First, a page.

He claims that popular television shows such as the hit BBC science fiction series and the Star Wars films provide children with an insight into real science that teachers can use to kick-start lessons. Science education campaign groups have warned, however, that shows such as Doctor Who often involve ideas that have little basis in science.Link (via Omni Brain)
Mr Wicks said: "If you start a lesson with the chemical formulae you will lose 90 per cent of the class. If you start with something interesting or important, like something they read in the paper or saw on television, they will remain interested.
"It can be part of an entrée to some of the more technical, important but slightly more boring parts of the subject. If I was a teacher I would start with a chunk from Doctor Who and Billie Piper and say, 'Actually, what was that all about and how is our textbook relevant to that?'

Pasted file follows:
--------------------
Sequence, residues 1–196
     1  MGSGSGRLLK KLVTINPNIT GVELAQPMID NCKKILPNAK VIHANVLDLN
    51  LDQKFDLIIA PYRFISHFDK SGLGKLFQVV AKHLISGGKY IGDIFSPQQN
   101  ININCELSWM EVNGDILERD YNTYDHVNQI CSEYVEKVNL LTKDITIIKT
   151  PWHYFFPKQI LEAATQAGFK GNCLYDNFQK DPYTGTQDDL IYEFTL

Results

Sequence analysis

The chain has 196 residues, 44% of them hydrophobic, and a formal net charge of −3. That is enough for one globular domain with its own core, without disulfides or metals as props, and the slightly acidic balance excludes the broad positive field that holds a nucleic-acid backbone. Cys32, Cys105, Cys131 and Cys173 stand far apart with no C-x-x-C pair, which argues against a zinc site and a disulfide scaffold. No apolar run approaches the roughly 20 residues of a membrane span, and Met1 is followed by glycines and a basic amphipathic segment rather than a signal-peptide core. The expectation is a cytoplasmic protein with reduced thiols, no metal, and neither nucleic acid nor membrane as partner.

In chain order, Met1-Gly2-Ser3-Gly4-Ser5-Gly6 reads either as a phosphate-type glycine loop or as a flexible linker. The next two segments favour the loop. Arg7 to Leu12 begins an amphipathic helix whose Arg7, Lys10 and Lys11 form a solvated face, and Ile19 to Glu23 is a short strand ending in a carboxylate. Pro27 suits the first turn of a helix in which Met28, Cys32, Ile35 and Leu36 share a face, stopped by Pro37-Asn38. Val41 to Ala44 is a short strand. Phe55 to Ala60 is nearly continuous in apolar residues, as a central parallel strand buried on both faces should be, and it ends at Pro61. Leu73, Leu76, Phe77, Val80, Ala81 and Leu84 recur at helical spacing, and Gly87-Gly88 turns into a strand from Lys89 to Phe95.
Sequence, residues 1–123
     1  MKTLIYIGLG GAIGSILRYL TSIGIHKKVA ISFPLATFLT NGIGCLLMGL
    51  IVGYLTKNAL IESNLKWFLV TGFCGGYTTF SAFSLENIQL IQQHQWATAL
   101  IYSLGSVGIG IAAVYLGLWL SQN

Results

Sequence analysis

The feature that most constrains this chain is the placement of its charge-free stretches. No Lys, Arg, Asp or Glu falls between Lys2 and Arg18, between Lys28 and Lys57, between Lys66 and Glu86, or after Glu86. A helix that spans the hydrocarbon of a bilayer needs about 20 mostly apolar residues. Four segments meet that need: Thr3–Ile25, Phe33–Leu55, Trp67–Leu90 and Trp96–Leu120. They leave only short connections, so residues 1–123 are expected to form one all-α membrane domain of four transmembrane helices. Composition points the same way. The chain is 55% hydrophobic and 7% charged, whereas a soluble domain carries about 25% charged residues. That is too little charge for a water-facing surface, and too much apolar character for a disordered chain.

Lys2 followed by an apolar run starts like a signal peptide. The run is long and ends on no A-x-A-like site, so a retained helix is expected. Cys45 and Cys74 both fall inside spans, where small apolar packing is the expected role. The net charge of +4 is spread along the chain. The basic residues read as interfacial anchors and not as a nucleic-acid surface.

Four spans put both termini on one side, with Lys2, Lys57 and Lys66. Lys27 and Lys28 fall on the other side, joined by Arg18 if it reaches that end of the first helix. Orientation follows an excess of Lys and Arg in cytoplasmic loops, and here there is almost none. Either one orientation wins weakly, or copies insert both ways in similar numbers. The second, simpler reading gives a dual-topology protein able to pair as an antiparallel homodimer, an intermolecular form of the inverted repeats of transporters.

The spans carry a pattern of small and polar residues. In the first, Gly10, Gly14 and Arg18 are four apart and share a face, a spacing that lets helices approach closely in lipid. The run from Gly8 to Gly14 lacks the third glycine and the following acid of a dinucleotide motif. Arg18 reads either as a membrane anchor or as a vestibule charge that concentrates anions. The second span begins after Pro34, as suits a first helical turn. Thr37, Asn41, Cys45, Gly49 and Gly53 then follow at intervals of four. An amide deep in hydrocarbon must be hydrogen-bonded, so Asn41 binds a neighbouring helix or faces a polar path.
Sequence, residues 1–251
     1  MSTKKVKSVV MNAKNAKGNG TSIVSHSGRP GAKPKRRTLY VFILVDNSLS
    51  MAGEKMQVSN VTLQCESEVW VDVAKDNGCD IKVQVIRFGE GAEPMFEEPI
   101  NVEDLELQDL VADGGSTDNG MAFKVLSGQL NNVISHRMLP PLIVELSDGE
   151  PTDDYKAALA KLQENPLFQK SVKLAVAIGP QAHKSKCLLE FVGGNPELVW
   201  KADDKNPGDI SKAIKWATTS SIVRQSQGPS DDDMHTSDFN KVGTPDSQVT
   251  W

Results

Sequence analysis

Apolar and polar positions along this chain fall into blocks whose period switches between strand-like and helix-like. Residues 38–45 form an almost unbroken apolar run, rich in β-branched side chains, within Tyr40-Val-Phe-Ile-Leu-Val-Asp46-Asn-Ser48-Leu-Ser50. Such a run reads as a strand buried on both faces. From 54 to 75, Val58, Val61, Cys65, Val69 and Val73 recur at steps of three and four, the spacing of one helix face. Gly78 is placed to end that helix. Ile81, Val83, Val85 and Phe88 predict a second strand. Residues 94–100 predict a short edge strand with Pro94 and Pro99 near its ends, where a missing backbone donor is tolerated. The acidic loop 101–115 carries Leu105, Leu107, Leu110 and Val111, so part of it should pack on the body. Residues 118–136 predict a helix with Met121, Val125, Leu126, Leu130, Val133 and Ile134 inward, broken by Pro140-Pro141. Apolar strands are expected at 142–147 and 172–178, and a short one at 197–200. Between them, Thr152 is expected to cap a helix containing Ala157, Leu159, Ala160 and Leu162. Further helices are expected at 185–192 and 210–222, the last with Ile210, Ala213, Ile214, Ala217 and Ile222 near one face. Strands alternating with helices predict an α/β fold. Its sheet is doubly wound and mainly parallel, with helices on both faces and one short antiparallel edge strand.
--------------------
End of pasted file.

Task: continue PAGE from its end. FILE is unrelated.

"Take R2D2 from the Star Wars films, for example. We are already doing that kind of stuff in robotics. I would show that, talk about how you would build a thing like that and its uses in the future in the home, in caring for people and for space exploration."
I write books. My latest is a YA science fiction novel called Homeland (it's the sequel to Little Brother). More books: Rapture of the Nerds (a novel, with Charlie Stross); With a Little Help (short stories); and The Great Big Beautiful Tomorrow (novella and nonfic). I speak all over the place and I tweet and tumble, too.